Date of Paper

5-2012

Type of Paper

Clinical research paper

Degree Name

msw

Department

socialwork

First Advisor

Michael Chovanec

Abstract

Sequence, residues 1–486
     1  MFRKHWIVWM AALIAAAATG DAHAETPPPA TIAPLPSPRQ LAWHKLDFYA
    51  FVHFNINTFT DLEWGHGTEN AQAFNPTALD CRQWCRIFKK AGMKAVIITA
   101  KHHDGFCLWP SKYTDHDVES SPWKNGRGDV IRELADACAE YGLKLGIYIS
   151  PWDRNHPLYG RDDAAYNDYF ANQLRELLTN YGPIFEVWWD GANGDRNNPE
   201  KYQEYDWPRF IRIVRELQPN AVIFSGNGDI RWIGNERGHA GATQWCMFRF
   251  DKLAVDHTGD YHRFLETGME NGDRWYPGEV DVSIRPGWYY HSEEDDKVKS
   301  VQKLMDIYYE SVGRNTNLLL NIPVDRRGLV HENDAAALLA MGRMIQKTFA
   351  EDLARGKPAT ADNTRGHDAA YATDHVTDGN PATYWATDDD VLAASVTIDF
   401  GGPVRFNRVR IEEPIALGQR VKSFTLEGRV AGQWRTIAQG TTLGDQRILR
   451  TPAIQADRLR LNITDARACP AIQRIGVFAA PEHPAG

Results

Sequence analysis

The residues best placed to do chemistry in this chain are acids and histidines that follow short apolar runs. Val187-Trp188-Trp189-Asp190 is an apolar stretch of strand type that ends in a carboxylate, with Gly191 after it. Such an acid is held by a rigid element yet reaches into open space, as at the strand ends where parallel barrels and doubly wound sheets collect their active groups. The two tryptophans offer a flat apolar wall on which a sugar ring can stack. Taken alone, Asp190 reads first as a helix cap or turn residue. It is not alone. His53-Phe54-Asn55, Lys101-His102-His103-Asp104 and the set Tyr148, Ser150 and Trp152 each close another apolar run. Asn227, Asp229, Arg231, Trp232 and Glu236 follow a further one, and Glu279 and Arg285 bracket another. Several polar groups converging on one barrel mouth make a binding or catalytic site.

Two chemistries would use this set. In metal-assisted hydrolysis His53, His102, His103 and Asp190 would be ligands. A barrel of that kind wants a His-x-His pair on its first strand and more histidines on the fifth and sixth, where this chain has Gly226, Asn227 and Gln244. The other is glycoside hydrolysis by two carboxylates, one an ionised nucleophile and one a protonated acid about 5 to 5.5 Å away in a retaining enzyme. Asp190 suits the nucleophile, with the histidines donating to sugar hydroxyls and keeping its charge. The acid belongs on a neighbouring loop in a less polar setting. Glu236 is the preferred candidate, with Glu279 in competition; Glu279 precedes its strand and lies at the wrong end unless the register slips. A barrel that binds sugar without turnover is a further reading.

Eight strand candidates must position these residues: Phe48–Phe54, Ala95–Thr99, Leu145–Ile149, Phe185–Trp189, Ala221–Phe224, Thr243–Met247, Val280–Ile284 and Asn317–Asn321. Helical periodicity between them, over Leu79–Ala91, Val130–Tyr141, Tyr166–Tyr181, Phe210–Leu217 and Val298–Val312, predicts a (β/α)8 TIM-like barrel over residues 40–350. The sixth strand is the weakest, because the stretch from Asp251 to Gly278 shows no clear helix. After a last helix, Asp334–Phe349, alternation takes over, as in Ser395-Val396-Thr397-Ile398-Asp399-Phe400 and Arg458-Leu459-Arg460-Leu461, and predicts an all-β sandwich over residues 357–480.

Batterer intervention programs (BIPs) seek to address violence in families by working with perpetrators in developing skills to remain nonviolent. The purpose of this study was to explore the supervision and training needs of practitioners who work in batterer intervention programs (BIPs). This study utilized qualitative data collected from hourlong, audio-recorded interviews with three BIP practitioners (one male and two female). Interviews were conducted in a large, Midwestern metro area over a period of three weeks, were transcribed verbatim, and coded for themes by the researcher. Major findings included: Participants were overall satisfied with quality of supervision, which was in contrast with previous research. Participants felt more supervised (even oversupervised) than participants in previous research. Finally, specific training and education in batterer intervention, even the field of domestic violence in general appears to be lacking. Social work implications were also discussed. This study is a beginning effort to more closely examine the supervision and training needs of BIP practitioners. Quality training and supervision supports BIP practitioners in their effort to help reduceviolence and abuse in families in the community.

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